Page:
Some institutions have taken to banning children.  In some cases, I can see the rationale.  No parent should take their young child to a scary movie at 9pm at night.  Still, while parents can take some measures to mitigate incidents, sometimes public meltdowns aren’t avoidable.  A single mother with no-one to babysit will need to take her child to the store.  A family going on vacation via airplane can plan for the trip, but kids might not react well to the circumstances.  In these instances, parents shouldn’t be confronted with glaring glances and whispered criticisms.  They have their hands full enough as it is.

Have you ever encountered critical reactions while you were out with your children?  Has your perspective changed from your pre-parent days?

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TechyDad

My name is TechyDad. Alright, my name isn’t really TechyDad, but I’d prefer to keep my true identity hidden. Kind of like Clark Kent except I’m not an intrepid news reporter for the daily planet, but a web developer for a health care organization. Oh and I’m also not an alien that can fly and shoot lasers out of my eyes. I’m married to the most wonderful woman in the world, B and have two wonderful children NHL and JSL. You might know B as the blogger behind TheAngelForever.com. She had been blogging for quite awhile when I decided to give it a go. I’m a self-described nerd who is interested in all things technology, even if monetary realities don’t allow me to buy all the newest cool toys. I’m also a kid at heart. I will happily get down and dirty playing with my kids or sit on the couch with them watching cartoons. One of the perks of fatherhood: you get to play with toys and watch cartoons and pretend it’s for them! I also am an amateur photographer and can easily fill up a memory card or two if given the chance. I like writing about an eclectic mix of topics. One post may be about programming. The next might be about a boy’s day out with my kids. The one after that might be about copyright law and the one following that might be about a new gadget I’d love to get. My blog is like a box of chocolates, you never know what you’re gonna get.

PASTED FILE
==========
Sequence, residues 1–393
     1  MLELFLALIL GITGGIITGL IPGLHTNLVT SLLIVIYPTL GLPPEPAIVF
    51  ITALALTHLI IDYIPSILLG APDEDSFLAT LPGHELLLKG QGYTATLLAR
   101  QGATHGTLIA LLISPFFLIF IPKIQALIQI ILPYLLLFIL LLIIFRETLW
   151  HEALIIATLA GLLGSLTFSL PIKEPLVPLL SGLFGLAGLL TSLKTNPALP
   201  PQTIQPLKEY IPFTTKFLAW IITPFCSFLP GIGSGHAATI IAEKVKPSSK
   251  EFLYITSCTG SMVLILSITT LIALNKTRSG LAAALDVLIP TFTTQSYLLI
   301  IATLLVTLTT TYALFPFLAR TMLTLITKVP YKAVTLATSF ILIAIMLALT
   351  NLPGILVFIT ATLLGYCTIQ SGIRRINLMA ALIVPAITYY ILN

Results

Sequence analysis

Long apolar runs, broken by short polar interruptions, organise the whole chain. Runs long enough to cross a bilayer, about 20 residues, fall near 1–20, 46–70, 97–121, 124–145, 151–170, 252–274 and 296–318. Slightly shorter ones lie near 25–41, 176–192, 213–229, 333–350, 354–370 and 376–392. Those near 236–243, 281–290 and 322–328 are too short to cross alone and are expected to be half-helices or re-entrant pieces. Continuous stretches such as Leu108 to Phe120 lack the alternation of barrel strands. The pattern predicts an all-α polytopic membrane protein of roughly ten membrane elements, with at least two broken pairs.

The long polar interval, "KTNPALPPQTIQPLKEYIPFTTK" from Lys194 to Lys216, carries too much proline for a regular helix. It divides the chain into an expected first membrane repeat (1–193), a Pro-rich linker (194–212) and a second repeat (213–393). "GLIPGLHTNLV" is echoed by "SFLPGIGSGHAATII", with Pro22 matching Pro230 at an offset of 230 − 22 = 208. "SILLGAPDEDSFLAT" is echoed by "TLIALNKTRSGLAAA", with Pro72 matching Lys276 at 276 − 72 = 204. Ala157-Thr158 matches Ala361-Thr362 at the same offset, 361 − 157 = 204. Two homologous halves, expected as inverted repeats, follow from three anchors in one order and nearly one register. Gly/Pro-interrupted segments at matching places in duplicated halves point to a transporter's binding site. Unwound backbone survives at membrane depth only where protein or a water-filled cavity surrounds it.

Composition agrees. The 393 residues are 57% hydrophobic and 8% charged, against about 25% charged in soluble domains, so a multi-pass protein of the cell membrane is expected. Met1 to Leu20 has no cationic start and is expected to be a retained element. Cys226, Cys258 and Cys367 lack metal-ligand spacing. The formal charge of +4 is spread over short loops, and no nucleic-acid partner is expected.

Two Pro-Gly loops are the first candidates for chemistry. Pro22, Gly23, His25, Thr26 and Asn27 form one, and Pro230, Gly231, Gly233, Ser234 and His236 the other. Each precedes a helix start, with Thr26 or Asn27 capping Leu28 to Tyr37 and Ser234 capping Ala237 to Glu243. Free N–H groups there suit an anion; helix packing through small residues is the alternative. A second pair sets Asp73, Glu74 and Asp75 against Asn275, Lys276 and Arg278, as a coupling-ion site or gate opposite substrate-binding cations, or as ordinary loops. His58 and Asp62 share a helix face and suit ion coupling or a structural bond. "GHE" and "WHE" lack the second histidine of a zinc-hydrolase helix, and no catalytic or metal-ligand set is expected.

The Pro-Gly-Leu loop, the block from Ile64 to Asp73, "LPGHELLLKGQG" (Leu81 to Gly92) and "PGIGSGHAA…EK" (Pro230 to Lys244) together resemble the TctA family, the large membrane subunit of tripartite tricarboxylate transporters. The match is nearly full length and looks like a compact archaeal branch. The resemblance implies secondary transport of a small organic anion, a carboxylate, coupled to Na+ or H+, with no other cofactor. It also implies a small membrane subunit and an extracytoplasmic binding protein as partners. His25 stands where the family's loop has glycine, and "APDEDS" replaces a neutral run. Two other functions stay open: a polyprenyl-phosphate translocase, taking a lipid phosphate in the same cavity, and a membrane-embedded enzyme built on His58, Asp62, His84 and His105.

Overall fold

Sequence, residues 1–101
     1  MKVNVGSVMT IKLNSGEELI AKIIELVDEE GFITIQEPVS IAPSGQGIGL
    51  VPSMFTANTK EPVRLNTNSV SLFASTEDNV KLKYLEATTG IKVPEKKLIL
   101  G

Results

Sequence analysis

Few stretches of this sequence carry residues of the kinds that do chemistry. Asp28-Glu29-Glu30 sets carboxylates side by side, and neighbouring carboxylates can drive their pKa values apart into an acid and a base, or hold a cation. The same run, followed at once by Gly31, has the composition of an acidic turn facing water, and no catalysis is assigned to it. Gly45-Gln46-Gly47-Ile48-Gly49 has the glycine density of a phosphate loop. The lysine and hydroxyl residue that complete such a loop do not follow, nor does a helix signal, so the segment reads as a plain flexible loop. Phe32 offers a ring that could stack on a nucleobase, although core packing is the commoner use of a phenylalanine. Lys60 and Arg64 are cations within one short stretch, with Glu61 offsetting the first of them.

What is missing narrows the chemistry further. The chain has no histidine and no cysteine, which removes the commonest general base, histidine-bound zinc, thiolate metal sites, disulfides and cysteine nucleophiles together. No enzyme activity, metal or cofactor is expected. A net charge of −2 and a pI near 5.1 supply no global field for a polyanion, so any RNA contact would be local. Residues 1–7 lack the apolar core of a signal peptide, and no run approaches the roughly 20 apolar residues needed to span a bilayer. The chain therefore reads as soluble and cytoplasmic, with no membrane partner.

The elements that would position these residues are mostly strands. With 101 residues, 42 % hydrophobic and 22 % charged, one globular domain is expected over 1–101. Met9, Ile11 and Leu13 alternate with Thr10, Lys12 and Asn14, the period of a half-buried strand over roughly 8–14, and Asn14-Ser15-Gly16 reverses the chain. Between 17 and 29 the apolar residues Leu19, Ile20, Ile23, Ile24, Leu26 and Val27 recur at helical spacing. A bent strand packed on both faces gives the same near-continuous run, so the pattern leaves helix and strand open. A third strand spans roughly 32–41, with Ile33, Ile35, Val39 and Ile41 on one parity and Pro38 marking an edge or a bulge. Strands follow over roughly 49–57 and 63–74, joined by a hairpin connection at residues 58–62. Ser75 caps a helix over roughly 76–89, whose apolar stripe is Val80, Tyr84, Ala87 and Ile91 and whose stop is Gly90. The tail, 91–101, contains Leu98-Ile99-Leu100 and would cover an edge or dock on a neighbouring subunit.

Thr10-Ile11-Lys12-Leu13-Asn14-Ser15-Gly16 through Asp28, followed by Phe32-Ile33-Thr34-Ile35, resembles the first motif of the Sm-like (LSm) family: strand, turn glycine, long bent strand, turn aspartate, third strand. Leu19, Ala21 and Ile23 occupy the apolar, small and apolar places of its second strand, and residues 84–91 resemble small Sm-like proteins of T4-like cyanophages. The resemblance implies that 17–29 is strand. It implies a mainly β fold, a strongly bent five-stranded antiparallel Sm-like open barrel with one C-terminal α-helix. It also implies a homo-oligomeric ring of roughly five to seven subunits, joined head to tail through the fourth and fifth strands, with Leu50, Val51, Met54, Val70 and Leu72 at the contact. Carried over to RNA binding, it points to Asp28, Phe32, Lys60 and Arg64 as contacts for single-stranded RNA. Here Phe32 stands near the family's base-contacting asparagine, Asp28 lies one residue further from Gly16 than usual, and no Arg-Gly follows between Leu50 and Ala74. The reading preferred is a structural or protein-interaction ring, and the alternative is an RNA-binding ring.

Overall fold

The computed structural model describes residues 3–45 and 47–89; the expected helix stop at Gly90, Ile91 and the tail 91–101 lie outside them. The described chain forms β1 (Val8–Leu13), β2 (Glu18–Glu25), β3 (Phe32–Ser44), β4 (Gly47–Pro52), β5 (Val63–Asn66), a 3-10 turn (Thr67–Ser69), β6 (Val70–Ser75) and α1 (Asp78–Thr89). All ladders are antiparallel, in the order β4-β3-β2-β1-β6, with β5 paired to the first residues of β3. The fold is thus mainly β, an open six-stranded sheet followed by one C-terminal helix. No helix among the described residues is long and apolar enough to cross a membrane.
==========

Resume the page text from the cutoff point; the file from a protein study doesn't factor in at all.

5 thoughts on “Tantrums, Glaring Eyes, and Baby Bans”

  1. A few years ago, my husband was out of town and my sister was in town so we went to Giordano’s (i.e. a pizza place) with my stepson (then 3) and my son (then 11 months) on a Friday night. They sat us at a table (not a booth) near the center of the restaurant and we ordered right away because a deep-dish pizza takes about 30 minutes or more. By the time our pizza came, the kids were antsy and my stepson kept asking for our food, loudly, and he had pulled out some cars and was playing with them on the table. For a 3-yr-old at a pizza place on Friday night, he was being relatively calm and nobody was even giving us dirty looks or anything UNTIL…our pizza came and we started eating. Then we heard the man at the booth next to our table fighting with the server. Then, in a huff, he and his wife stood up to leave. THEN…he turned to me and said next time I go out in public, to control my kids. Then he told me that I was nothing but a Hispanic breeder, probably with no education. Then he told me he had two Ph.D’s. I’ve never felt so judged, as a parent or as a person, in my life.